We are now 5 months into 2022 and things have yet to settle down in the markets. For the month the S&P 500 was nearly flat eking out a slight gain of .01% which leaves the index down nearly 13.5% year to date. Once again stocks staged a late month comeback as at mid month the S&P 500 index was approaching a 20% decline but staged a nice recovery back to where it started the month. Bonds did have their first positive month of the year as well.

We have largely focused on inflation and the CPI (Consumer Price Index) for the first part of the year. In what is a slight bit of good news, the CPI (see chart) ticked down for the first time since August of 2021 from 8.54% to 8.26%. Let’s hope that this signals an end to the rise in inflation that we have seen for some time but it’s really to early to tell and one month does not signal a trend but clearly this bears watching.

 

The Federal Reserve did raise interest rates another ½ percent in May and forecasts do have several additional interest rate increases yet to come throughout this year. Clearly, they are still worried about inflation and its possible continuing rising trend and as we have mentioned in the past raising interest rates is their primary weapon against rising prices. Long story short they are trying to slow demand down just enough to not put us in a recession, knowing that lower demand will help decrease prices. This is a very, very fine line for them to walk and frankly one they have not had a great track record of getting right historically. As the year unfolds we will see how much they are willing and able to stick to the forecast for additional rate increases.

We want to address the volatility in the markets in a little more detail and give some reference as to how common market declines are. One thing we know for sure is that there has been no shortage of media coverage around the stock market’s volatility and as usual the media has the sky is falling perspective which doesn’t help investor psyche! But just how common is a 5%,10%, 15% and 20% + drop in the market? As you can see below these likely occur more often than most think and although uncomfortable are a part of investing. One issue regarding perception of the current market decline is that since the financial crisis of 2008 market declines have been relatively mild and/or have been short in duration so the longer drawn out down market cycles of the past have been forgotten for the most part which is why this may feel unusual. The point is by historical standards what we have experienced the first 5 months of this year is not terribly uncommon and if history holds true we likely have more time yet before this wave of volatility passes. We are constantly asked the question are things going to get worse? There is no way to tell. The answer likely lies in two factors, first one being the trajectory of inflation which could cause the Fed to tighten financial conditions more and second, will we actually experience a recession in the coming months/year, both of which could upset things further.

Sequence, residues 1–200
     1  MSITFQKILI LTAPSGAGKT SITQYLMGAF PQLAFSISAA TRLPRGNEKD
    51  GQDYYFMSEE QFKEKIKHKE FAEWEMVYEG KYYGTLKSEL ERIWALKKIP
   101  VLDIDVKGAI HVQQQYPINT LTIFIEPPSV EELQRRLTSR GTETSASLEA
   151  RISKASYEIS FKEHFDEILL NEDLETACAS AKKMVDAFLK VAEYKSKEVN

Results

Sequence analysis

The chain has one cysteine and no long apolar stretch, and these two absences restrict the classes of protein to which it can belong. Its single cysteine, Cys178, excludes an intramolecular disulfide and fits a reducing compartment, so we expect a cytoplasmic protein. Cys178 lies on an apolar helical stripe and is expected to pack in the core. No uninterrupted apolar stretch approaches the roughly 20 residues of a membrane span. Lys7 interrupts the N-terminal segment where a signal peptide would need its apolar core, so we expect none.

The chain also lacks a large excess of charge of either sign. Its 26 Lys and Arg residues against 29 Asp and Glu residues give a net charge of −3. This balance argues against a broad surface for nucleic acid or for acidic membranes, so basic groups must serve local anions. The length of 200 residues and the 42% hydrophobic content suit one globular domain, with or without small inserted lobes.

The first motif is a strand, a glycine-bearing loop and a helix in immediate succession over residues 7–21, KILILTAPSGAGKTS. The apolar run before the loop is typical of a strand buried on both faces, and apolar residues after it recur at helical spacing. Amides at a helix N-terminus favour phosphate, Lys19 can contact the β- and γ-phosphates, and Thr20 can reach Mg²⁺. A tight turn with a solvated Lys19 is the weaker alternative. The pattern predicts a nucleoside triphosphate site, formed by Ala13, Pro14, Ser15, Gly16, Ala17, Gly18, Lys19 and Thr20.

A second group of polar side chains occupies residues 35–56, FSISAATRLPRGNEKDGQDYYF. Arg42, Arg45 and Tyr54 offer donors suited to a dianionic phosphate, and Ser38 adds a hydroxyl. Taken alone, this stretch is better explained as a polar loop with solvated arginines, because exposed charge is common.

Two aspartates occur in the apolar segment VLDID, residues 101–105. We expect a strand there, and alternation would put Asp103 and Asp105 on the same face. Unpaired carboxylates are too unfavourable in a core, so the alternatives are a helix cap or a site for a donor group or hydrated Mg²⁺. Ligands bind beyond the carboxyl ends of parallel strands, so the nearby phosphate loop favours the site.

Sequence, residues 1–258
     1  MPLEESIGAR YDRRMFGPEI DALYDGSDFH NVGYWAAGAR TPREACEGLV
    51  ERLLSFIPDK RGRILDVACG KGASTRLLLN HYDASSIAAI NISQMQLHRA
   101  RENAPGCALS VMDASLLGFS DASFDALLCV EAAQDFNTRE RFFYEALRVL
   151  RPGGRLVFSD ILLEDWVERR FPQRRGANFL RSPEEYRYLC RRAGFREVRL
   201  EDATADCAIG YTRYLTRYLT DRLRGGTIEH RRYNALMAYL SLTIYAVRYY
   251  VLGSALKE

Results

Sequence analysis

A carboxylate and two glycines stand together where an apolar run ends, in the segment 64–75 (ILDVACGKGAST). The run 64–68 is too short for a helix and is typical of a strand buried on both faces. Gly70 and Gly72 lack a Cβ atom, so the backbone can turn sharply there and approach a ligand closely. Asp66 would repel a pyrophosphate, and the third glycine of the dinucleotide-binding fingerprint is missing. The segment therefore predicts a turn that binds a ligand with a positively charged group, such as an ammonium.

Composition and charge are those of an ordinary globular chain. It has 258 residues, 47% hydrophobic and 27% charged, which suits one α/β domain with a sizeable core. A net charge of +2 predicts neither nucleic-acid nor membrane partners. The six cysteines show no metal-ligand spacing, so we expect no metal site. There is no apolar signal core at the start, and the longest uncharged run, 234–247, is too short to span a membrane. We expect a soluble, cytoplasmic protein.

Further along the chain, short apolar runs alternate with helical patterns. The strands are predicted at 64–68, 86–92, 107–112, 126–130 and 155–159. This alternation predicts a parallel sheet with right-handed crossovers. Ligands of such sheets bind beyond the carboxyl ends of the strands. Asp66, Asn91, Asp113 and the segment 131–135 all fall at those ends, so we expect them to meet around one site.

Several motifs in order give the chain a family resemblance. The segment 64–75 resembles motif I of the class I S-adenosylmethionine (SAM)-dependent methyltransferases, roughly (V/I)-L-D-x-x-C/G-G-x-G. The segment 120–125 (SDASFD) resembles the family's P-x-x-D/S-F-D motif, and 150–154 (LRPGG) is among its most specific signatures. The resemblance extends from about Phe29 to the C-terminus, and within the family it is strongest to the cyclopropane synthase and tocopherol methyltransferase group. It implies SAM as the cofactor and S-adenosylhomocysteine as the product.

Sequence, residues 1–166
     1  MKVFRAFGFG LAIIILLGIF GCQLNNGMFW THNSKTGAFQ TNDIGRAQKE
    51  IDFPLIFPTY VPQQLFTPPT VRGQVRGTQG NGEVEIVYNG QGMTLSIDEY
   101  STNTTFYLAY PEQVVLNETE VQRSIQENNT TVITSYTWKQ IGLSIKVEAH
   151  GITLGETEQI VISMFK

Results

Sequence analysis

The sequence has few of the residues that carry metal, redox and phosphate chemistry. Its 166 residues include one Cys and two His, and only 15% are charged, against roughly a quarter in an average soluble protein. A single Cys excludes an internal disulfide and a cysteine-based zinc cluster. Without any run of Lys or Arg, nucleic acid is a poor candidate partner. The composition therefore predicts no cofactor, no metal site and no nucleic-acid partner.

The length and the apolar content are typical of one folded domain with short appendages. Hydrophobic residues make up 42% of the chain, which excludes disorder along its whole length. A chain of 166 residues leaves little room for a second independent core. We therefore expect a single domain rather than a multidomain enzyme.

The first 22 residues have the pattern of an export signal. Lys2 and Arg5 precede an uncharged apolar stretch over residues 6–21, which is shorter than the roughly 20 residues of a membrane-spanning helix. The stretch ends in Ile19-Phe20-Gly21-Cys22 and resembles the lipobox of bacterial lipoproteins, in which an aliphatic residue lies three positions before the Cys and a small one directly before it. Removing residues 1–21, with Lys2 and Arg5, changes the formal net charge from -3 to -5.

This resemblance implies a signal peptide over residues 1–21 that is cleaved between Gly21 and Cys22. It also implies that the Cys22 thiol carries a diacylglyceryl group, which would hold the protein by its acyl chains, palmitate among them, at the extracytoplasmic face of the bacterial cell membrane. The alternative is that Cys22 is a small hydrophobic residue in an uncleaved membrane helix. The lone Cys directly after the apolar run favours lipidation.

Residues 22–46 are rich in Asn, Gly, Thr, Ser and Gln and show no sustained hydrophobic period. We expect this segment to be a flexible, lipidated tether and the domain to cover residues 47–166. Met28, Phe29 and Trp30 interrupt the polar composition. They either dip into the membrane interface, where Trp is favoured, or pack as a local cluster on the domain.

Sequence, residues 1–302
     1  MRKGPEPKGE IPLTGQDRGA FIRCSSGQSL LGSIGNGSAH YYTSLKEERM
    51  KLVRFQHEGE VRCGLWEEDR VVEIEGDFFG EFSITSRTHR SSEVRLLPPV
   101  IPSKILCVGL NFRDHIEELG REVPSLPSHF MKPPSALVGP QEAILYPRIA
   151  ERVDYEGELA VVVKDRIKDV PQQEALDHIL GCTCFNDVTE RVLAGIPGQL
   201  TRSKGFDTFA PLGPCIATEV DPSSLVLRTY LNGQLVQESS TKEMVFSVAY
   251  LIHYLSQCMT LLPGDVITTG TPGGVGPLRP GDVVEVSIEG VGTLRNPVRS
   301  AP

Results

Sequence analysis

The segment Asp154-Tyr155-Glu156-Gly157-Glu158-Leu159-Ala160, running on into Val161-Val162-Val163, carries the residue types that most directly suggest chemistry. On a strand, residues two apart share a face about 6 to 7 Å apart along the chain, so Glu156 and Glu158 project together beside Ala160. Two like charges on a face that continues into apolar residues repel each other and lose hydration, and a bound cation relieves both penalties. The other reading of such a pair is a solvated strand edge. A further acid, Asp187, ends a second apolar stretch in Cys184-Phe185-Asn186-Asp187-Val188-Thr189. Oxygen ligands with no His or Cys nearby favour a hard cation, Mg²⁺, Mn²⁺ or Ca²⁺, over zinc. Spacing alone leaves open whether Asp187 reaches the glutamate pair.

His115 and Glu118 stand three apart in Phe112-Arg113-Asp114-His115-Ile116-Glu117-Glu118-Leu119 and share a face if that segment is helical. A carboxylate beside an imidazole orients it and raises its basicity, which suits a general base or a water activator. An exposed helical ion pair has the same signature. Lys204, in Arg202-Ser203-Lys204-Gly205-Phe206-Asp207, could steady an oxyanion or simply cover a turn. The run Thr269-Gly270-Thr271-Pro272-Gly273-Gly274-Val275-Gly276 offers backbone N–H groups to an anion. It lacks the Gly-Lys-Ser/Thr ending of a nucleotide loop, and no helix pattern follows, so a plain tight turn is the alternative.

Lastly, the war between Russia and Ukraine continues on. This has not helped the inflation picture as energy prices remain inflated and as we have stated in the past it does disrupt supply chains further. National averages for a gallon of gas are at all time highs and food prices have soared in many cases. The Best we can hope for is a resolution sometime this year to that conflict which would help both the economic and more importantly the humanitarian side of things and would definitely help the psychology of the markets as well.

As always If you would like to schedule a time to review your portfolio and/or financial plan please reach out to us.


*The Standard & Poor’s 500 (S&P 500) is an unmanaged group of securities considered to be representative of the stock market in general. Results can be found at slickcharts.com.
*Treasury yields can be found at finance.yahoo.com.
*Charts produced at yCharts.com

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